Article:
Chemical Technology October 2016


Using nature’s own solvents for the preparation of pure lignin

Lignin can now be efficiently and cost- effectively separated from sawdust, by using eutectic solvents. VTT Technical Research Centre of Finland has developed solvents using which 50% of the lignin from wood can be extracted in a pure form that retains its natural chemical structure dur- ing processing. Using eutectic solvents, it may be possible to produce materials for use in the forest, food processing, pharma- ceutical, packaging and mining industries in the future. The use of eutectic solvents presents a range of opportunities for using lignin in industrial applications. A VTT research programme aims to replace petroleum- based chemicals with cost-effective, environmentally friendly alternatives in forest, pharmaceutical and mining indus- try applications; these will provide Finnish companies with a competitive edge on the international markets. One of the key results of the research is the separation of lignin from sawdust in such amanner that up to 100% of the lignin maintains its natural chemical structure. Conventional processes provide lignin in a form which is much less usable in terms of its chemistry. This is why lignin has mainly been used for combustion in energy production. Lignin which has retained its natural organic structure is thought to be more reactive and homogeneous, and therefore easier to use in various applica- tions. The research findings were recently published in the journal, Scientific Reports (Jaakko Hiltunen et al .) Scientific Reports , 2016, 6, Article number: 32420; DOI: 10.1038/srep32420). VTT’s research is also opening up new opportunities to use enzymes in fractionation and metabolising processes – according to the preliminary results, carbohydrate-metabolising enzymes can maintain their stability surprisingly well in certain DES solvents, whereas enzymes have tended to be relatively unstable in new biomass-degrading solvents, such as ionic liquids, which resemble DES solvents in many of their properties. The research findings were published this year in the RSC Advances journal (Ronny Wahlström et al . RSC Adv ., 2016, 6, 68100-68110; DOI: 10.1039/C6RA11719H). Some components of eutectic solvents are fit for consumption. Interactions be- tween the components enable chemical

reactions that would be im- possible to create with con- ventional chemical processes. Eutectic solvents are pre- pared simply by heating and stirring and are inexpensive compared to conventional ionic solvents. However, their recoverability and recyclabil- ity via industrial processes have to be investigated in each case.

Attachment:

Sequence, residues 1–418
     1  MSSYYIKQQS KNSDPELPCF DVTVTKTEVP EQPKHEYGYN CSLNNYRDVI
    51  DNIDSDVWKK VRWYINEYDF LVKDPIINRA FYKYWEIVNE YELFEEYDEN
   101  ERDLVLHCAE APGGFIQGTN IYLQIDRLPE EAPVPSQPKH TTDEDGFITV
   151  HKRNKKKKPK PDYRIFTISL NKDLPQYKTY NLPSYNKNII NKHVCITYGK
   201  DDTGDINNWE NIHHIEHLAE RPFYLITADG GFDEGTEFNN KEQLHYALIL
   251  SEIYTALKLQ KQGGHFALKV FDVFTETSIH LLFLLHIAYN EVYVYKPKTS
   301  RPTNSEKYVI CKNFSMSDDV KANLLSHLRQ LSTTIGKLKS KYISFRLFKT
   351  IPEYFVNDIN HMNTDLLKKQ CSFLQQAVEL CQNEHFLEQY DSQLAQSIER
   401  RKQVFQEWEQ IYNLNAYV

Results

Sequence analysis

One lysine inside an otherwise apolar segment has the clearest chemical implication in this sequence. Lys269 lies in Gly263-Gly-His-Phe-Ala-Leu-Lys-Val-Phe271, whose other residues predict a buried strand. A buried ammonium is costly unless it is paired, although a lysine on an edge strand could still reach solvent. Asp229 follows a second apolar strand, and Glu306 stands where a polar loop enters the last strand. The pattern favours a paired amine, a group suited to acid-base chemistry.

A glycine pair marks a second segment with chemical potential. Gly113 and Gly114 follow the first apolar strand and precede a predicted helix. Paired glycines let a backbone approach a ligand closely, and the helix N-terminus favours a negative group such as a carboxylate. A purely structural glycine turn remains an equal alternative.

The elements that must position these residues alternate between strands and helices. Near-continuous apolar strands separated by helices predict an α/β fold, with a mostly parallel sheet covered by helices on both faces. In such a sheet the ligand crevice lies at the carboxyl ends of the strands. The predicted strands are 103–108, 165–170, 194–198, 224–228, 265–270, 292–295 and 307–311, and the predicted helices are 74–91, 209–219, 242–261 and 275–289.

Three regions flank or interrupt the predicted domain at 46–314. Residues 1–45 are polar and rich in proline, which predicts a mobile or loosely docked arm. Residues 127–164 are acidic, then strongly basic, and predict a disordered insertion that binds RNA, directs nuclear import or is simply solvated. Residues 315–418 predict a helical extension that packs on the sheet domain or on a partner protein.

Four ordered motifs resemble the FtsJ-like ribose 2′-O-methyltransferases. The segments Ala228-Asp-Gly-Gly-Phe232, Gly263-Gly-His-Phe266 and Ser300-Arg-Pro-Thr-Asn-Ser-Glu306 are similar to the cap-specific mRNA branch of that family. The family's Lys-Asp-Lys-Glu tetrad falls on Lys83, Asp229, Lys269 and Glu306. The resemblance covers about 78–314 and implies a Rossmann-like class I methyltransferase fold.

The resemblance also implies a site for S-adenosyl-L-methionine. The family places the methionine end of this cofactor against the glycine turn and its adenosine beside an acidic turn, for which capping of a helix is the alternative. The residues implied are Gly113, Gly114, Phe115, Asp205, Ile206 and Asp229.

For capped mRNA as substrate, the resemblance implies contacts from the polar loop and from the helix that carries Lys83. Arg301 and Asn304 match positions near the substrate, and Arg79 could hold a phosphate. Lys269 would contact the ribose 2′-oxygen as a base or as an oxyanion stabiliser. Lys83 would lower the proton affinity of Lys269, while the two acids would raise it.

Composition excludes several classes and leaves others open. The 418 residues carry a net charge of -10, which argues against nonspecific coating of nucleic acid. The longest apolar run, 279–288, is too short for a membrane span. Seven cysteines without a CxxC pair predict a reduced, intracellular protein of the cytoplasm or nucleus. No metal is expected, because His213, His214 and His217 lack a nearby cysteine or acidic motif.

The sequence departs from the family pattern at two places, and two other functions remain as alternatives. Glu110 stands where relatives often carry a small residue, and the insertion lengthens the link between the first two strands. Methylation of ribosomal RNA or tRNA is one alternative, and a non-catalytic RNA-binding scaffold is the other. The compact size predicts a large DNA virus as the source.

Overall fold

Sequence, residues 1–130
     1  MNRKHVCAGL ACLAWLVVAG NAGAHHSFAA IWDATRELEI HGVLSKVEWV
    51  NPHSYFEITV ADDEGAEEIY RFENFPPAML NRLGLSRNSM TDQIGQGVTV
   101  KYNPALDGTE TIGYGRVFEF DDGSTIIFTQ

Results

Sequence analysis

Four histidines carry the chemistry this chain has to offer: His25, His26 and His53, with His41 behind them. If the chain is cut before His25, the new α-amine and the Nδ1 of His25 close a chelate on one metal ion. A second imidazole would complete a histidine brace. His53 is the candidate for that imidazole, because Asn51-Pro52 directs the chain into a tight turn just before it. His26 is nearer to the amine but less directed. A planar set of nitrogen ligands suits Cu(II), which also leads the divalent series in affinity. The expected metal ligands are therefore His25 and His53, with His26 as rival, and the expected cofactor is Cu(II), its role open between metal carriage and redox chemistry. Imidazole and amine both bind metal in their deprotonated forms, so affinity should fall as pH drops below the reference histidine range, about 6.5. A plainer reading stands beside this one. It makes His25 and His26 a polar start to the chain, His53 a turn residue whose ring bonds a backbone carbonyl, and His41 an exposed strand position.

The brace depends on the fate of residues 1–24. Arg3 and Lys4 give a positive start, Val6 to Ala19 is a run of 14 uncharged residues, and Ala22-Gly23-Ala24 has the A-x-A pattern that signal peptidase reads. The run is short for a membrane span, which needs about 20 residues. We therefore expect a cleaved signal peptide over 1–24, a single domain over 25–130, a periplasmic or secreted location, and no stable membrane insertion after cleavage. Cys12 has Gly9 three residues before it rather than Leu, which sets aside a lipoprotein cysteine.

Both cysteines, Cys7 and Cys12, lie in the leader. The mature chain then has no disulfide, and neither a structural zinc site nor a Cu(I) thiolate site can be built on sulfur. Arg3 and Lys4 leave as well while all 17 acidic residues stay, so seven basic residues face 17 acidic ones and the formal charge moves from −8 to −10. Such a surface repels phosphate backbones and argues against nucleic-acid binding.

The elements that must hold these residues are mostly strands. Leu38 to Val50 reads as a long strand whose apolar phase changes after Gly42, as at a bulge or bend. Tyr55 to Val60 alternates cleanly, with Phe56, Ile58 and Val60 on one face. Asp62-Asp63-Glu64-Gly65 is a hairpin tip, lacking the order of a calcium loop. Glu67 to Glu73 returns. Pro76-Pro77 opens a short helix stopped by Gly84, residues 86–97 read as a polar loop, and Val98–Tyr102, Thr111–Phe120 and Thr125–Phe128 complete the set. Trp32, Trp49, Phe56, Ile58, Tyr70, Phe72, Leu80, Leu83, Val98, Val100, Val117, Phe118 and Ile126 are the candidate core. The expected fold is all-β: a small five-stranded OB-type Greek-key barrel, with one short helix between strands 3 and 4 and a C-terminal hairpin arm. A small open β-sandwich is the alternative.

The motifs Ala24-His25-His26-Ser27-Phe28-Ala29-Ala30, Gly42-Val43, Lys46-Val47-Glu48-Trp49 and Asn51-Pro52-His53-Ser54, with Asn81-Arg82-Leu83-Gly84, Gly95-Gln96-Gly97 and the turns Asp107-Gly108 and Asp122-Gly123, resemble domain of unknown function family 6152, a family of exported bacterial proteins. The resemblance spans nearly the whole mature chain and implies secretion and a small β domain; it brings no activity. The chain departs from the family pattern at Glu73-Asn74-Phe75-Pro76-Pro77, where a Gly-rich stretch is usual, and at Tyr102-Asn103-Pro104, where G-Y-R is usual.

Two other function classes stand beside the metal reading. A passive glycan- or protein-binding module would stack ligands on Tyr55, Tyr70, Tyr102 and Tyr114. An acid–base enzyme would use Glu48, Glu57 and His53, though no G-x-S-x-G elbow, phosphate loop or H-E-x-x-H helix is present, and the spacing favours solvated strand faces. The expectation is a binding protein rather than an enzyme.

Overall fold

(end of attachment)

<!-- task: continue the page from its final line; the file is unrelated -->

For more information contact theTechnical Research Centre of Finland, Jarmo Ropponen, Principal Scientist at, tel. +358 400215951;

Innovative passively cooled instrumentation shelters

Intertec’s shelter employs a highly efficient passive cooling system that exploits the energy storage capacity of water, which circulates by natural convection. This passive, unpowered system can be boosted by a small exter- nally-mounted electrical cooler driven by solar panels to optimise performance on hot sunny days. Using this and other hybrid tech- niques, Intertec is able to provide

passively-cooled shelter solutions that are able to operate in equatorial regions, as well as the arid climates in which they are widely used today. The high levels of insulation of Inter- tec’s shelters can substantially reduce the total cooling power required compared with insulated steel shelters, and provide highly stable operating environments for sensitive equipment such as analysers. Intertec’s composite GRP sandwich pan- els include thick polyurethane insulation layers, which are bonded inside GRP sheets. This style of fabrication and as- sembly eliminates the ‘thermal short cuts’ between shelter interior and exterior that can result from the fixings that are often used with traditional insulated metal con- structions. Such conductive points often account for the majority of thermal losses: around 75% or more of the shelter totals in many instances. Intertec’s multi-function composite material also ensures that the internal walls are smooth and stable, making it simple to mount the equipment. For more information go to

At ADIPEC 2016, taking place in Abu Dhabi at the National Exhibition Centre from7-10 November 2016, Intertec is exhibiting an innovative approach to housing remote instrumentation and communications equipment in harsh environments, in the form of a passively cooled walk-in shelter. The shelter can greatly reduce the problems of installing equipment in remote locations, where reliable power is unavail- able, and where dust and sand in the atmosphere can make it difficult to cool electronics equipment using conventional air conditioning systems. Another major element of the shelter’s performance is its construction from GRP (glass reinforced polyester) panels employ- ing a composite ‘sandwich’ construction to provide a very high degree of insulation, plus surface protection that can survive the extreme challenges of the Middle East environment, including very high levels of UV and dust and sand abrasion. GRP is an inherently inert material that is virtually immune to corrosion and atmospheric pol- lutants. It is also resistant to a wide range of petrochemical media.


Chemical Technology • October 2016

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